David Bowie's son has given Lorde's Brit Awards tribute to his dad the seal of approval.
The Kiwi artist performed a heartfelt version of Bowie's Life On Mars with the late singer's backing band at the awards ceremony in London on Wednesday night.
Bowie's son, Duncan Jones, watched it and was clearly moved by it.
Finally found the links to tonight's Brits. Just... beautiful. Thank you.— Duncan Jones (@ManMadeMoon) February 25, 2016
It's a far cry from Jones's reaction to Lady Gaga's theatrical performance of a Bowie medley at the recent Grammy Awards.
"overexcited or irrational, typically as a result of infatuation or excessive enthusiasm; mentally confused." Damn it! What IS that word!?— Duncan Jones (@ManMadeMoon) February 16, 2016
Many took the tweet to mean he wasn't a fan of Gaga's performance.
Bowie was posthumously awarded with the Icon Award at the ceremony, which was accepted by actor Gary Oldman and presented by British singer Annie Lennox.
Oldman said during his speech in honour of his late friend that Bowie's potential was "superhuman", telling the audience Bowie faced his cancer with dignity and "customary humour".
"Even in dire circumstances when he wrote to tell me the bad news ... he said, 'The good news is I've got my cheekbones back'. He was the sweetest soul ever," Oldman said.
"You were mortal but your potential was superhuman, your remarkable music is living on."
The tribute to Bowie at the Brits was led by Lennox. The Eurythmics singer took to the stage at London's O2 Arena to salute the rocker.
"David Bowie is deeply embedded in the heart of British culture," Lennox said.
"Influencing every decade from the moment he first appeared on the airways in 1969 right up to the present day, he expanded our horizons and turned everything on its head into glorious technicolour.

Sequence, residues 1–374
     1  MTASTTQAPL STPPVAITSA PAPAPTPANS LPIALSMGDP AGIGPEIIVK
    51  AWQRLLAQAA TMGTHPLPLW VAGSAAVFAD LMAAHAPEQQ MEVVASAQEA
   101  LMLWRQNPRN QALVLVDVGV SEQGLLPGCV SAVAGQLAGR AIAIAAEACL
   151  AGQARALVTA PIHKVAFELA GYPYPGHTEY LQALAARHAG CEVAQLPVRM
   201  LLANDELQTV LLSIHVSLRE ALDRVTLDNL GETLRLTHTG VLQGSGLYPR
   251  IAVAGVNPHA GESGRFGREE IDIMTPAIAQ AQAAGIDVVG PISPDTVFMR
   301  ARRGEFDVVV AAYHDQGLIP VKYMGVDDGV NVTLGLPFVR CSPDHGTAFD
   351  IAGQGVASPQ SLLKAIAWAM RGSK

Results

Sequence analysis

"As a songwriter and a rock star there was no one and nothing else like him, he was truly unique. A quintessential visionary, shape-shifting persona, gracious and dangerous, loved and revered for as long as the earth still spins."
The 61-year-old added the Lets Dance singer had a "special kind of significance", admitting it was still hard for her to speak about him in the past tense.
Lorde and Bowie's backing band, then tackled a rendition of Life on Mars, with the performance gaining much praise on social media.
The heartfelt tribute received a standing ovation and clearly struck a chord with fans, who preferred it to Lady Gaga's tribute at the Grammys.
Her performance lacked the theatrics of Gaga's Grammys tribute, which received mixed reviews.
People on Wednesday were quick to compare the two performances, despite Gaga and Lorde performing different Bowie songs.
"@ladygaga now do you see why the real #bowie fans were so upset at your 'performance'? #BRITs2016 #lorde #classy #ladygag #trashy," said Erica Lewis on Twitter.
"Watched it for the second time and that was much better than the Grammy's tribute! Very poignant from @lorde and Bowie's band. #BRITs2016," said Sam Curtis.
Sam Fraser was overcome with emotion saying the performance was "brave, vulnerable, huge. Great performance; I got tears."
"Well don @lorde for taking on the insurmountable task of singing a Bowie song at the Brits - u made me cry X" tweeted Annie Mac.
"That was a fabulous tribute to Bowie. And that's not easy to do @lorde - you were perfect," said Nick Grimshaw.
Carly Heading simply wrote: "Omg baby @lorde That was perfection."
The Telegraph said Lorde's "simple, heartfelt performance ... blew audiences away".
Following Bowie's death in January, Lorde paid tribute to the icon - and the influence he's had on her career - in a lengthy post on Facebook.
"I've never met a hero of mine and liked it," she wrote. "David was different ... That night something changed in me - I felt a calmness grow, a sureness. I think in those brief moments, he heralded me into my next new life, an old rock and roll alien angel in a perfect grey suit ... I realised I was proud of my spiky strangeness because he had been proud of his."
- AAP and WENN